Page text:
The directive from higher-ups is loud and painfully clear:
Save every penny possible without sacrificing quality. But with prices for virtually everything higher today than a year ago, replicating last year’s success at this and next year’s meetings, let alone topping it, will require more creative planning than ever. So where to start?
Begin with the big picture. Consider these 10 tips to save a bundle, then weave through the following pages to discover more savvy ways to cut costs. Learn which group venues are best for minimizing décor expenditures; which airports have surprisingly high-quality and affordable meeting hotels nearby; which destinations are easily accessible by train, and which cities are the best places to slash ground transportation costs simply by walking from venue to venue. Discover the latest in videoconferencing and exhibit booth technology that will help combat rising labor, shipping and travel costs.
The push for affordability is here to stay. Luckily, as this special themed issue of M&C demonstrates, opportunities to save money in smart ways are as prevalent as extra padding in the budget is scarce.1. Attract sponsors
One way to save is to let others pick up the bill. Sponsorships can strengthen relationships with partners or exhibitors and give them needed visibility in the marketplace. Almost anything can be sponsored: education sessions or tracks, meals, meeting breaks, awards ceremonies, networking lounges, Internet kiosks or rounds of golf. To win financial commitment from sponsors, make the case that your event offers an opportunity for the sponsor to enhance its brand or to reach a target audience. Then entice prospects with perks like access to your attendee list or industry research; free or discounted hotel rooms or meeting registration; invitations to receptions, and opportunities to plaster their logo on anything from banners to key chains.
2. Avoid downtown
|In the suburbs: Westin Lombard Yorktown Center|
Affordable rates can be found without staying at an airport hotel or in a second- or third-tier destination. Book in suburbs or cities near major airports that offer better value than in the bigger, more distant downtowns and that are easily accessible. For instance, the Illinois cities of Lombard or Schaumburg are closer to Chicago O’Hare International Airport than Michigan Avenue; both have first-class meeting facilities with competitive rates, and both are cheaper to get to than downtown Chicago. Same story for Dearborn, Mich., between Detroit Metropolitan Airport and downtown Detroit; or San Mateo or South San Francisco near San Francisco International Airport.3. Choose local speakers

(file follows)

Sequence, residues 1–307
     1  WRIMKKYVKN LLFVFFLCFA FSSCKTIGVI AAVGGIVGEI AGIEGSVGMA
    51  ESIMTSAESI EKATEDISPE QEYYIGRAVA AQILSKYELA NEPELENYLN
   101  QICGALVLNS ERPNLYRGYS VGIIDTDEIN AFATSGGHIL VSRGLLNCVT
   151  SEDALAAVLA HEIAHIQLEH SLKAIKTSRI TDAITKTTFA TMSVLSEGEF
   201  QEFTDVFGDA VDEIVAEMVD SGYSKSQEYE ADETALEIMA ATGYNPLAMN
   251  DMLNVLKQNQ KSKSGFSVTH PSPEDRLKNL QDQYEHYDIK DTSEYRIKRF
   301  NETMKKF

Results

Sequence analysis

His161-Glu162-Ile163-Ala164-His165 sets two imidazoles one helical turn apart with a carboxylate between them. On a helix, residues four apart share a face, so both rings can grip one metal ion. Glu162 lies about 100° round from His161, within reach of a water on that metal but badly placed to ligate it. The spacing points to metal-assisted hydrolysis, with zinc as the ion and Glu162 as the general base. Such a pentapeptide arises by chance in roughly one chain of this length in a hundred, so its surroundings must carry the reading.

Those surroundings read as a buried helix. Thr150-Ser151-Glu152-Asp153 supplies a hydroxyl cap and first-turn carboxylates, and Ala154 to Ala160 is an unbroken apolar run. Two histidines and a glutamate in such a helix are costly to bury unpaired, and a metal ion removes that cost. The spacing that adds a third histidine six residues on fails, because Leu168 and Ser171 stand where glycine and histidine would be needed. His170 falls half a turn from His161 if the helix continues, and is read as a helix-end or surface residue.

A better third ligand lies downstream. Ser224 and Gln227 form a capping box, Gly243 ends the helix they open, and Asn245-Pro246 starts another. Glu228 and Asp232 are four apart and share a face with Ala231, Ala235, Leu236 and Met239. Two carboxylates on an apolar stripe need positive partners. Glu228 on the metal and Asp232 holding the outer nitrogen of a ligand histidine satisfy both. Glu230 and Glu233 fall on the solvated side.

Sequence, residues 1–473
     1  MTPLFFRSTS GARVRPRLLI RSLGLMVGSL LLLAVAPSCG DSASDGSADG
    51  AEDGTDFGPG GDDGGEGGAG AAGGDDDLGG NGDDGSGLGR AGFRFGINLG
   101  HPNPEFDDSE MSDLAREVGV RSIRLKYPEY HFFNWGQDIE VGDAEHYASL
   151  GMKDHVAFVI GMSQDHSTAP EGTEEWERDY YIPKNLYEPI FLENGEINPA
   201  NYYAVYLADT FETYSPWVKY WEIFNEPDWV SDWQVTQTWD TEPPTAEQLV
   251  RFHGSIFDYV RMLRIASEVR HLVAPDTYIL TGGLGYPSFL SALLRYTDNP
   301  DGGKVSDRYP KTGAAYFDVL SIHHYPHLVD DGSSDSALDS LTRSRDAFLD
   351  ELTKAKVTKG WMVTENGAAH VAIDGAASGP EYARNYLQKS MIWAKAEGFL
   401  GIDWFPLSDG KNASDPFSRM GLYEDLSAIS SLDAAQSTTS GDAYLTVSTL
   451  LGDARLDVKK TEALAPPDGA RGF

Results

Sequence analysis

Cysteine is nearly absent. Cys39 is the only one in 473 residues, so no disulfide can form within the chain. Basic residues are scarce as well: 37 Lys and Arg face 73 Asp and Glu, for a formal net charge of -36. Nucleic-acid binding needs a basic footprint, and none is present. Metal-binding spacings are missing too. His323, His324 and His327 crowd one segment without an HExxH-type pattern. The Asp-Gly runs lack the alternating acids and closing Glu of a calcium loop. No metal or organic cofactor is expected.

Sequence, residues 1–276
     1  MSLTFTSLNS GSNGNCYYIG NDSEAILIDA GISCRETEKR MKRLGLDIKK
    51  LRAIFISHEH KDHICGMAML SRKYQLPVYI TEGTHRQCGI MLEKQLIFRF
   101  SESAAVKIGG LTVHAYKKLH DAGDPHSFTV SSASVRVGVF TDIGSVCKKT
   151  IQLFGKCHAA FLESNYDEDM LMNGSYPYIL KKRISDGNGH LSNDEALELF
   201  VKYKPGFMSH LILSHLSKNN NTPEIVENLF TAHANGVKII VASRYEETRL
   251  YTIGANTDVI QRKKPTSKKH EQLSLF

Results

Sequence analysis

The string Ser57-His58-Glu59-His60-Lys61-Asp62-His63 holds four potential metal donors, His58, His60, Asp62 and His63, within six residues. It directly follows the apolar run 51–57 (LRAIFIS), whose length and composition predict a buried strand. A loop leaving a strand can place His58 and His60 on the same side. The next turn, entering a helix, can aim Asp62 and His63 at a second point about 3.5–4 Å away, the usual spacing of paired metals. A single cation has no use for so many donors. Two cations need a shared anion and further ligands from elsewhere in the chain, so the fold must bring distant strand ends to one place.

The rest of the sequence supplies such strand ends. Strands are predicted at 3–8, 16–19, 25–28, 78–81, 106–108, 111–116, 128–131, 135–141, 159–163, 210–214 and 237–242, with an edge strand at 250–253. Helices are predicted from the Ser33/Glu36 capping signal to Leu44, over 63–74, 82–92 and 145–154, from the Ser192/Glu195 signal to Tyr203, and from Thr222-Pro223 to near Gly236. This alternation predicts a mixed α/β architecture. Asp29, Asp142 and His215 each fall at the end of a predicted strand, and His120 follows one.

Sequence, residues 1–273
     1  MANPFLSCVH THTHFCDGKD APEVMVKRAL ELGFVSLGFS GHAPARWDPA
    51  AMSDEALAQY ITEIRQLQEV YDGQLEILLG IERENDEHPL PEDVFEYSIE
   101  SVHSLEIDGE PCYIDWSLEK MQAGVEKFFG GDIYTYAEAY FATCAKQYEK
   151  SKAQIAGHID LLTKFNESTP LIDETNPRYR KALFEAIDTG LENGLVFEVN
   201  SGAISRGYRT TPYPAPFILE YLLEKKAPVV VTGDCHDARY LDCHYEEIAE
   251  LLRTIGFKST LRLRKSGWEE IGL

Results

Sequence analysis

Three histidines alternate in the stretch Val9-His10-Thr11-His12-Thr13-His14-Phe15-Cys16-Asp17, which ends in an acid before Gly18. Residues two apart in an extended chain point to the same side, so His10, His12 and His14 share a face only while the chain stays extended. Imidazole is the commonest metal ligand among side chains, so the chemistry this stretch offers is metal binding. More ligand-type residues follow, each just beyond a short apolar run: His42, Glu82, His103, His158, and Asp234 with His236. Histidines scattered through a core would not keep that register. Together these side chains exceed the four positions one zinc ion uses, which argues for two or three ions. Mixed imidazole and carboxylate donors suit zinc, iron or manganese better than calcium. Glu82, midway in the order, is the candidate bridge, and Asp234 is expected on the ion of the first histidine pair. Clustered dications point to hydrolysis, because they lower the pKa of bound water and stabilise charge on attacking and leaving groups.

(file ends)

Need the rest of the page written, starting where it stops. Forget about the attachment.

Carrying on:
According to a recent study by the National Speakers Association, the average bill for a keynote address costs 25 percent less if the speaker doesn’t have to travel to the event. Speakers bureau websites typically allow users to search for talent by location, and planners also can consider selecting a local corporate executive, professor or politician. Planners might want to consider speakers during the site-selection process, too. An area rich with orators from the medical field, for instance, might have other assets to offer a medical or pharmaceutical meeting, including a strong base of potential attendees, exhibitors or sponsors.
4. Be flexible with dates
It’s a money-saving cliché, but date flexibility is probably the best leverage planners can have when negotiating with hotels. Groups should look to book in shoulder or off-seasons, or at least on less popular days of the week. The best times vary by location. In Las Vegas, for example, planners can expect to find the best deals in July, August or December. According to M&C’s 2008 Meetings Market Report, autumn is the most popular season for association trade shows; better deals can be had from December to February, or during the summer.
5. Scale back on F&B
|Portion control: Use smaller plates, cups or dishes to artfully limit attendees’ intake.|
An obvious way to save on food and beverage costs is to opt for heavy hors d’oeuvres instead of a plated meal. But planners can be more creative. Shrink portions (and plates, dishes and cups, proportionally), or limit consumption by reducing the length of time allowed for F&B events, or by instructing servers not to refresh coffee or wine automatically. Offering a selection of sandwiches and salads is an affordable way to handle lunch — and more in tune with the way people typically eat than a three-course plated meal at midday.